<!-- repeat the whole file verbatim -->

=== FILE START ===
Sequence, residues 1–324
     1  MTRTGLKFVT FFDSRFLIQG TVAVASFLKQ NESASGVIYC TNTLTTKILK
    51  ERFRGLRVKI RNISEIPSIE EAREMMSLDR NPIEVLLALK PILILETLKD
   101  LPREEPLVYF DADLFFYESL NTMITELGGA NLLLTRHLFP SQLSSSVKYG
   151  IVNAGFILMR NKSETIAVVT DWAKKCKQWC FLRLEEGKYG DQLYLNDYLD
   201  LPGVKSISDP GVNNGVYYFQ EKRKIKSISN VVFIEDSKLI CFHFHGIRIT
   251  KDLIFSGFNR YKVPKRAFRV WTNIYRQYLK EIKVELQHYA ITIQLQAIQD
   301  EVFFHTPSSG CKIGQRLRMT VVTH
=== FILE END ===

Sequence, residues 1–324
     1  MTRTGLKFVT FFDSRFLIQG TVAVASFLKQ NESASGVIYC TNTLTTKILK
    51  ERFRGLRVKI RNISEIPSIE EAREMMSLDR NPIEVLLALK PILILETLKD
   101  LPREEPLVYF DADLFFYESL NTMITELGGA NLLLTRHLFP SQLSSSVKYG
   151  IVNAGFILMR NKSETIAVVT DWAKKCKQWC FLRLEEGKYG DQLYLNDYLD
   201  LPGVKSISDP GVNNGVYYFQ EKRKIKSISN VVFIEDSKLI CFHFHGIRIT
   251  KDLIFSGFNR YKVPKRAFRV WTNIYRQYLK EIKVELQHYA ITIQLQAIQD
   301  EVFFHTPSSG CKIGQRLRMT VVTH